Rating: 4.5 / 5
It is the mid 1950s in Italy, and Francesca Rosati has been found murdered in her apartment by her sister-in-law Cristina. What makes this even more gruesome is that Francesca’s heart has been cut out and placed nearby. Serrafina Benetti, Florence’s first homicide detective, is tasked with solving this case. Before World War II, the Rosati family was held in high esteem. Antonio Rosati, Francesca’s father-in-law, was a marchese, and the family lived at the beautiful Tuscan estate, Villa Chimera. The war ravaged Tuscany, and the Rosati’s were hit hard; Villa Chimera was forced to billet soldiers, and many Rosati family members met their tragic end during the war. As Serafina explores the Rosati family history and why someone would kill Francesca, she is faced with the fact that her tramatic past might actually tie in with the Rosati family.
If you’ve ever read any of Chris Bohjalian’s books, you know he is a gifted writer, and The Light in the Ruins doesn’t disappoint. When a book starts out being told from a killer’s point of view, you know you’re going to stay up late reading. Growing up in America (and this may be a glimpse into my ignorance), most of history is taught from a country-centric viewpoint. Reading The Light in the Ruins, I learned so much about Italian history, and during World War II, especially the sacrifices some families made in terms of working with the Nazis to save themselves and later being shunned by neighbors for their actions. The Rosati’s made difficult choices, and unlike what many people thought afterwards, did not ally with the Nazis for any reason other than a chance at surviving the war.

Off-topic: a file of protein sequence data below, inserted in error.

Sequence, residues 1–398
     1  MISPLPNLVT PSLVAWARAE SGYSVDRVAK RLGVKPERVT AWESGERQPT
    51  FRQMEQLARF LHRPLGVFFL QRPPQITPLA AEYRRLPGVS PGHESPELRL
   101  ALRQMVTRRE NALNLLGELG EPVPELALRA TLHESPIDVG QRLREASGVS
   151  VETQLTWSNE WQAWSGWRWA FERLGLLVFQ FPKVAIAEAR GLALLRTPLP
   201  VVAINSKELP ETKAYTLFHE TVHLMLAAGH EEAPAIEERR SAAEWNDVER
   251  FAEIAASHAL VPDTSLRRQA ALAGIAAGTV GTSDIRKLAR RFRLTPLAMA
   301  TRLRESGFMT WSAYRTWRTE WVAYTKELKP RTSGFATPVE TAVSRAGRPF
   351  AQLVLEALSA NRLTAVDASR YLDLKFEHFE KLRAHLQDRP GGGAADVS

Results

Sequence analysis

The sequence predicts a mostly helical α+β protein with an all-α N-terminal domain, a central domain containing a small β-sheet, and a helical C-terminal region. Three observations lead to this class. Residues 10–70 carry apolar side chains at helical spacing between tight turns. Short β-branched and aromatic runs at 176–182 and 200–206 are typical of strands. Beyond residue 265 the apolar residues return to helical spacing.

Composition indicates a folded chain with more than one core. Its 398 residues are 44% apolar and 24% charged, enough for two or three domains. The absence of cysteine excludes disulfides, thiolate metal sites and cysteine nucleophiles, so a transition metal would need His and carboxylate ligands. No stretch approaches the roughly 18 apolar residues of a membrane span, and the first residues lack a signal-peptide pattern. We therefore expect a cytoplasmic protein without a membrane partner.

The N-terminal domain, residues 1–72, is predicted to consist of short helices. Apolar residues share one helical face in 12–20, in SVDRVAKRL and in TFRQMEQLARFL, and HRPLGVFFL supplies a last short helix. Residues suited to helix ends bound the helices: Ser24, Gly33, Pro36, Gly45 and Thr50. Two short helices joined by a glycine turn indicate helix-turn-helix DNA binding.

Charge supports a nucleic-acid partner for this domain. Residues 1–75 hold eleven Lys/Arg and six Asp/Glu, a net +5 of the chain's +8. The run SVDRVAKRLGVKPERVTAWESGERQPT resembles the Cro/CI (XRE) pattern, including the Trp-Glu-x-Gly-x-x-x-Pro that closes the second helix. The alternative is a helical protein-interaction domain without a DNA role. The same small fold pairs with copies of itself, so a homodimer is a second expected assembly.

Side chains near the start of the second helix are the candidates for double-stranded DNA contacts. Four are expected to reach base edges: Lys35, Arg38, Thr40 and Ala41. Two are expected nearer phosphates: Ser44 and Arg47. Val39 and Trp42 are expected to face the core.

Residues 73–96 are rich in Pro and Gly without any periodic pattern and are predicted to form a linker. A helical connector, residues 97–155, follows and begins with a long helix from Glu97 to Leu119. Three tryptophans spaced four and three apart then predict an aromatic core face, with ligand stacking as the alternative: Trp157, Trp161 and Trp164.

One of the main reasons I’m such a fan of Bohjalian is because of his ability to bring his characters to life. I must have read The Double Bind a good three to four years ago, but the main character, Laura, has stayed with me (hundreds of books later I still remember her name). That right there is a good indication of Bohjalian’s writing ability. With The Light in the Ruins, there are multiple characters, but Bohajlian makes them each distinct and memorable, from Serafina’s tragic past, to Cristina’s illicit relationship with a Nazi soldier, to even the killer’s reasons for targeting the Rosatis. The characters face moral dilemmas, and instead of being black and white, this novel operates in shades of grey, making the reader empathize with difficult situations and even harder choices.
The Light in the Ruins is a beautiful read. It is haunting and tragic, and brings to life a heartbreaking time in Tuscany. I loved this novel from beginning to end and hope you will too.